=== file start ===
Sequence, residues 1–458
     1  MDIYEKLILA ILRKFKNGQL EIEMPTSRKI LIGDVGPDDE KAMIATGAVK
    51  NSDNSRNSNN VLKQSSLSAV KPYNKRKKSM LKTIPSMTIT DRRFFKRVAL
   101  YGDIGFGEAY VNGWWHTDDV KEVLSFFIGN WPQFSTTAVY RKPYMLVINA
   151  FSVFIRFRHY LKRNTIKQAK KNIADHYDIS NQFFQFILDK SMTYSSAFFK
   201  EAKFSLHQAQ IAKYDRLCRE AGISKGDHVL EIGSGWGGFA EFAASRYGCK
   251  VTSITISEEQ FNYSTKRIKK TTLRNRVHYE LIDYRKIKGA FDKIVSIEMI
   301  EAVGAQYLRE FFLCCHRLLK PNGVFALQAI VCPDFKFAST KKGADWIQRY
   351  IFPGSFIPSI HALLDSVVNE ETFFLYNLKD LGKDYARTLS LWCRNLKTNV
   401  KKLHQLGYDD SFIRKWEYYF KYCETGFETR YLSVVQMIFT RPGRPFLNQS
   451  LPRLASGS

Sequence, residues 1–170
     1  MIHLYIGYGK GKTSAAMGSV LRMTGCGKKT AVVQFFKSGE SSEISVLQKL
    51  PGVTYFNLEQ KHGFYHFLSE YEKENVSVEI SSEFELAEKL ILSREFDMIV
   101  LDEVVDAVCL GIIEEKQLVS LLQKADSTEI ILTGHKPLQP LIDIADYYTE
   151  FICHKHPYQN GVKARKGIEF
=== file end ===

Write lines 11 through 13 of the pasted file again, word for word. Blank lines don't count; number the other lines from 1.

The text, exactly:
   451  LPRLASGS

Sequence, residues 1–170
     1  MIHLYIGYGK GKTSAAMGSV LRMTGCGKKT AVVQFFKSGE SSEISVLQKL